Influenza A and B Virus Attachment to Respiratory Tract in Marine Mammals - Vol. 18 No. 5 - May 2012 - Emerging Infectious Disease journal - CDC
Volume 18, Number 5—May 2012
Influenza A and B Virus Attachment to Respiratory Tract in Marine Mammals
Suggested citation for this article
Understanding is limited about factors determining the ability of influenza viruses to cross the species barrier and persist in a new host population (1,2). In marine mammals, several subtypes of avian influenza A virus have caused epidemics in harbor seals (Phoca vitulina) (3–6). Also, human influenza B virus has been detected in harbor seals (7). These observations indicate the ability of both viruses to cross the species barrier and persist in harbor seals. In other marine mammal species, outbreaks of avian influenza A virus or infection with human influenza B virus have not been reported.
AbstractPatterns of virus attachment to the respiratory tract of 4 marine mammal species were determined for avian and human influenza viruses. Attachment of avian influenza A viruses (H4N5) and (H7N7) and human influenza B viruses to trachea and bronchi of harbor seals is consistent with reported influenza outbreaks in this species.
Attachment of influenza virus to tissues in the respiratory tract is a major determinant of host susceptibility to infection, efficiency of transmission, and pathogenicity and has been studied only to a limited degree (8,9). Attachment is determined largely by the specificity with which influenza virus attaches to sialosaccharide receptors on the host cell surface. In general, human influenza viruses prefer sialosaccharides in which sialic acid is linked to galactose by an α-2,3 linkage (SA-α-2,3-Gal), and avian influenza viruses prefer those with an α-2,6 linkage (SA-α-2,6-Gal) (10).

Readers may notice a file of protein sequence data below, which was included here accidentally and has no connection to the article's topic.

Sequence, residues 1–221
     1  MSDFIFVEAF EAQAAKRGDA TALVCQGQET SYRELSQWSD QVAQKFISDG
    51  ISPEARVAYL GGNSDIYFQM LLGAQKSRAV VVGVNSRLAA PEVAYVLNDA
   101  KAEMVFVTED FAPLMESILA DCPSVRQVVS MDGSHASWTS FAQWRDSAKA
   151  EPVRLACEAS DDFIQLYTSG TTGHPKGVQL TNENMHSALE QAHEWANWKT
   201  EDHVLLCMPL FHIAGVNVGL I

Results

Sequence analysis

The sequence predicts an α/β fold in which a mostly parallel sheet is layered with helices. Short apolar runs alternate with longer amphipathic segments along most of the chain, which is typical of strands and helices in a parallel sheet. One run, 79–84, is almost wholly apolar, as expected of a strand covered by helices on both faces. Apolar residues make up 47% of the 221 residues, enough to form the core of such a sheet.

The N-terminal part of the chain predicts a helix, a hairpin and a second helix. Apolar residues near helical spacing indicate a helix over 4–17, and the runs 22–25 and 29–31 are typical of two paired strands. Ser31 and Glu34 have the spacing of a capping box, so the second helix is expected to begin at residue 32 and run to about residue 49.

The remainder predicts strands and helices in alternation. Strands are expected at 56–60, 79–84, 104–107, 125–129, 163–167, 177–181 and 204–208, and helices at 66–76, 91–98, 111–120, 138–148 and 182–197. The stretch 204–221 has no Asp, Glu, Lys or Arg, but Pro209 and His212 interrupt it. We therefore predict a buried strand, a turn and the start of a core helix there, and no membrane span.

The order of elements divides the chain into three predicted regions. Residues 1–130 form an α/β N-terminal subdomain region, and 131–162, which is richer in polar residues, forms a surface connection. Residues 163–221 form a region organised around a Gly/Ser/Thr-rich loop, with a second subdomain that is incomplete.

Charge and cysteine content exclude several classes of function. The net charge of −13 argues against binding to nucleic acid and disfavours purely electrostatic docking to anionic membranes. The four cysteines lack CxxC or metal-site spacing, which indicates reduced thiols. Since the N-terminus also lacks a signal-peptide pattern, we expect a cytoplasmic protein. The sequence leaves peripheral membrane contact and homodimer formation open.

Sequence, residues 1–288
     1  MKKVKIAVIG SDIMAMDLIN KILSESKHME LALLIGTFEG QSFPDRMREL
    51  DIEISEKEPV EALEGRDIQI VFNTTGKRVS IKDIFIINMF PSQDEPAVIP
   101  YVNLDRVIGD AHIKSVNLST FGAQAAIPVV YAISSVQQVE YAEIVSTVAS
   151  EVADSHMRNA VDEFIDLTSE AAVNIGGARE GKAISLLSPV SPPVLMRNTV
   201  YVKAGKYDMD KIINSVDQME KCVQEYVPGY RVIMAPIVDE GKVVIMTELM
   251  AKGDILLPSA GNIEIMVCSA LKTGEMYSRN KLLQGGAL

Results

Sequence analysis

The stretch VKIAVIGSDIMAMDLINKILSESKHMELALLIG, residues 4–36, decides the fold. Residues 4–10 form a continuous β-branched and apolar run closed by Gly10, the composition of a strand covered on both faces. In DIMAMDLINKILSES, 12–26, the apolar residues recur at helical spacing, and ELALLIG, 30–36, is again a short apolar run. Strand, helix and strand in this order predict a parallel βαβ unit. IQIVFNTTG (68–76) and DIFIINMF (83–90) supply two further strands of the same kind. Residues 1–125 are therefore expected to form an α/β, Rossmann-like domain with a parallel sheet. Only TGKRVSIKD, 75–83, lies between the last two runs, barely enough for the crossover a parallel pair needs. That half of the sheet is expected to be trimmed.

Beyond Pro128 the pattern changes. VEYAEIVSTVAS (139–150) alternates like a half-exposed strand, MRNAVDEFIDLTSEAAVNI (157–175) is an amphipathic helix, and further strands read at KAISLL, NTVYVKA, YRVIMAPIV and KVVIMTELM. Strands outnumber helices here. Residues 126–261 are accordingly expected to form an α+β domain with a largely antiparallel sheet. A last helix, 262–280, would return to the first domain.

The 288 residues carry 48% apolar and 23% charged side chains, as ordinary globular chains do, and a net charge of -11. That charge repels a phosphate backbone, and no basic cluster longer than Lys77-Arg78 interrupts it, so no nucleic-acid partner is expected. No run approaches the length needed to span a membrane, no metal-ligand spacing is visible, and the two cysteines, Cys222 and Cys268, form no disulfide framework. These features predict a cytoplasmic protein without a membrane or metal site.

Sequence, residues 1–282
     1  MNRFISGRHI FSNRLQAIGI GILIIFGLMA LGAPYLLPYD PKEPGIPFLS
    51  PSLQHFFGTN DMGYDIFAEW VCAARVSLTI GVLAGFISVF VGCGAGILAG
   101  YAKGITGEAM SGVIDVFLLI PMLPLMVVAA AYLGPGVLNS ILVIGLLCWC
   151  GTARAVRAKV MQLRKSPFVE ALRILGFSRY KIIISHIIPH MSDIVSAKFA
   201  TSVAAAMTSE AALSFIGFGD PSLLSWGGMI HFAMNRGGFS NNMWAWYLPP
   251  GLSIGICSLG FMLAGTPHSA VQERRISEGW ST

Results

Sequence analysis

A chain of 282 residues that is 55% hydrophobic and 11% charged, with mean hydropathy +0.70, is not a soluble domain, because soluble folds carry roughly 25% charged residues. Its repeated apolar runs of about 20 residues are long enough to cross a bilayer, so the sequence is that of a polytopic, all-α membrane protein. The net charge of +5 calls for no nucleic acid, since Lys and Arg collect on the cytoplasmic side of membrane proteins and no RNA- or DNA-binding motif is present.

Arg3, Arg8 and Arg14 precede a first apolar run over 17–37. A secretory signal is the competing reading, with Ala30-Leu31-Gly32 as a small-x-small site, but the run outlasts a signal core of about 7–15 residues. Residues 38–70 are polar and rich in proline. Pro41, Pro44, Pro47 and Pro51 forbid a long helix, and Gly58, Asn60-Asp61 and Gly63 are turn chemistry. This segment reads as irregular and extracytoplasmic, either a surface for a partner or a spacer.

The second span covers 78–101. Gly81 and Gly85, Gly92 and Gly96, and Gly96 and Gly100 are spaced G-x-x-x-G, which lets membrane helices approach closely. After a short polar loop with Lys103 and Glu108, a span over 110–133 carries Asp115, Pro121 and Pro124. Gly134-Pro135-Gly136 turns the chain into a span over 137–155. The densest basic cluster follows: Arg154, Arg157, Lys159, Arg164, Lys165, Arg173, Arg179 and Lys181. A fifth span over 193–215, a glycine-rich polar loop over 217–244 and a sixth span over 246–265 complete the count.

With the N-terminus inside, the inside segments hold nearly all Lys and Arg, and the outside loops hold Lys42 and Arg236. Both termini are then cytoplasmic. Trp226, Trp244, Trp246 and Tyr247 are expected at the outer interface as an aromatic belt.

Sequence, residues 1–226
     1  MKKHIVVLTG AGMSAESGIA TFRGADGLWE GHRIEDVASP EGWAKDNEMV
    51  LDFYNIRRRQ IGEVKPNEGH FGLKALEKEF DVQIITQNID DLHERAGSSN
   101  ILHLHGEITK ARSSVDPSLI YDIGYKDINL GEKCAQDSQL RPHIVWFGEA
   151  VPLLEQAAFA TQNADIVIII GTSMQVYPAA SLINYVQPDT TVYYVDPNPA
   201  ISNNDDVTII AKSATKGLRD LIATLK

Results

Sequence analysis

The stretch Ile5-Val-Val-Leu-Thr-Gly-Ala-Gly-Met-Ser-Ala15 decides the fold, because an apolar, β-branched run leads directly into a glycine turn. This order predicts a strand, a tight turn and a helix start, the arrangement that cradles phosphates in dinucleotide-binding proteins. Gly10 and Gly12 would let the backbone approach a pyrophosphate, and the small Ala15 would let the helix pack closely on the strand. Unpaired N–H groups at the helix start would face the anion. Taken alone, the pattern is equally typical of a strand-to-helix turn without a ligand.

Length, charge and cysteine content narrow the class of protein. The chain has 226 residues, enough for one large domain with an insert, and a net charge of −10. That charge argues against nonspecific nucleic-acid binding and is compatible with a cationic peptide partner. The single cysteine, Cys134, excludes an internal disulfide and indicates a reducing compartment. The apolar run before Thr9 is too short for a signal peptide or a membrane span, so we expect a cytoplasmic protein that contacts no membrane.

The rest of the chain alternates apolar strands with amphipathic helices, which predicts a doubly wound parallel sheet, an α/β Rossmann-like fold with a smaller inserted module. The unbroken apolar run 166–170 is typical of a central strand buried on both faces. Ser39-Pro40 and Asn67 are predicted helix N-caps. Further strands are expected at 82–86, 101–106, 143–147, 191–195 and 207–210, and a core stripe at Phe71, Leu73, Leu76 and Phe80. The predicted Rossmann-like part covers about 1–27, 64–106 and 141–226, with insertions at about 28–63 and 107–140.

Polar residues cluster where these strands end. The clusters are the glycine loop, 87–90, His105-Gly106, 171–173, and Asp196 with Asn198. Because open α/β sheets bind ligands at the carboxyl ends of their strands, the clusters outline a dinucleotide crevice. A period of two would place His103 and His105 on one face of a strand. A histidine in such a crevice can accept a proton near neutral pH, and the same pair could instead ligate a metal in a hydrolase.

To understand differences in these properties between harbor seals and other marine mammals, we determined patterns of attachment for influenza virus strains known to have infected the respiratory tract of harbor seals, gray seals (Halichoerus grypus), harbor porpoises (Phocoena phocoena), and bottlenose dolphins (Tursiops truncatus). We chose gray seals, porpoises, and dolphins because their ranges overlap those of harbor seals and they are commonly kept in captivity.
We determined patterns of attachment to respiratory tract tissues of 4 sympatric marine mammal species for several influenza viruses. Avian influenza A virus subtypes H7N7 (A/Seal/Massachusetts/1/80) and H4N5 (A/Seal/Ma/47/83) were chosen because they had caused outbreaks in harbor seals (4,5). An influenza B virus strain (B/Seal/Netherlands/1/99) was chosen because it had been isolated from a harbor seal (7).
For each of these 3 viruses, we also included a closely related strain from the putative donor host species (H7N7 A/Mallard/Sweden/100/02, H4N5 A/Mallard/Netherlands/13/2008, and B/Harbin/7/94, respectively) to determine whether adaptation to the new host species was associated with a change in attachment. Influenza virus A(H1N1)pdm09 (A/Netherlands/164/09) and seasonal subtype (H3N2) virus (A/Netherlands/213/03) were chosen because they circulate endemically in humans and might have contact with captive marine mammals through their caretakers. All viruses were isolated as described (11–13).
We obtained respiratory tract specimens from marine mammals from archives of paraffin-embedded tissues. Trachea and lung (including bronchus, bronchiole, and pulmonary alveoli) from 3 animals per species were examined.
Attachment of influenza virus to tissues was visualized by histochemical analysis as described (13). A positive result by light microscopy was granular to diffuse red staining on the apical surface of epithelial cells in trachea, bronchi, and bronchioles and on alveolar cells. Staining was scored as the percentage of cells in a section showing virus attachment. We also evaluated virus attachment to submucosal glands.